The shuffling in the kitchen continues.
He gets up and walks his naked rotund body to his closet-shelf and grabs a pair of old khaki pants and the leather belt. As he walks through the kitchen and outside into the darkness he pats her on her thin buttocks, she smiles but never looks up or misses a beat in her chores. The pat on the buttocks is his “good morning”. Outside he goes to the well and pulls up a bucket of rain water. Standing alone and on a flat area, he pours half of it on himself – all the while looking off to the side noticing the remaining wetness of his wife’s morning shower. Grabbing a blue bar of soap that sits on a crate, he lathers himself and then pours the remaining water on himself. Never drying, he puts on his pants and straps on the belt. The belt does not have notches nor does it have a clasp. He simply ties it and then goes back inside still glistening with water and the smell of blue soap.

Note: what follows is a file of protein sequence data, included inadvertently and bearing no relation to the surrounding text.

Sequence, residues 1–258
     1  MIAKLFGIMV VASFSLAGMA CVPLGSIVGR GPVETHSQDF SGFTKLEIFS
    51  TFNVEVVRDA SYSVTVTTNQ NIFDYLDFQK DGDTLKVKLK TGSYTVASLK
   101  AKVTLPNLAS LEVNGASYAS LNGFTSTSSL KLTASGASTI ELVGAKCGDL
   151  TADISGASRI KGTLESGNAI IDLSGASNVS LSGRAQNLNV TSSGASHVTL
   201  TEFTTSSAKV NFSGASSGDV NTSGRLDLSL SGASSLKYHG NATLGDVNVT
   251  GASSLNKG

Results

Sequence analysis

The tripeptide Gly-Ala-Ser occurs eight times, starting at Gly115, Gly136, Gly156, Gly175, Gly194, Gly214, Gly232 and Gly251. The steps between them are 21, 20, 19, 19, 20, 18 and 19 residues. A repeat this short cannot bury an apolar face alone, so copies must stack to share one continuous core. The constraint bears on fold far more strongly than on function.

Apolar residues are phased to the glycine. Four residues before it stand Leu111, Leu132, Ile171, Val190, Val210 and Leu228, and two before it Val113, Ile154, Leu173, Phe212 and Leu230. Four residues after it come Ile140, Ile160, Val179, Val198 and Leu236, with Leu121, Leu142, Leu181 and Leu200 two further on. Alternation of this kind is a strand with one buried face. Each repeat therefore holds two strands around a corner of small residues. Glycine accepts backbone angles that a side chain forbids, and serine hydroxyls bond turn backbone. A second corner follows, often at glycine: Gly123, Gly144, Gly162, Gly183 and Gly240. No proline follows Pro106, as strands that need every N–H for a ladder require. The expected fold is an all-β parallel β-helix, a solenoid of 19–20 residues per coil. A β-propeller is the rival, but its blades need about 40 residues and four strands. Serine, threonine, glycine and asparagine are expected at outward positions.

Breakfast is coffee (what else) and heavily buttered slabs of home cooked Pan Bati. He sips the black coffee and eats the Pan Bati bread until there is not a drop of the black liquid left and the aluminum plate that held the Pan Bati is left bare.
His wife notices a slight amount of light trying to appear in the horizon. It is her cue to get her large red shoulder wrap and walk out to join other wives making their morning walk to the Ayo rock formation. Before leaving, she hands him a thermos that has an aluminum screw-on cap that serves as a cup. The cap-cup is dented and scratched on the outside but has a nice brown hue on the inside from the many years of coffee. As she leaves the house, she pinches his nose and tells him to bring home fish. He aims once again for the buttocks but she is too fast and he is left with only the memory that she stood there seconds ago. He smiles, stands and stretches.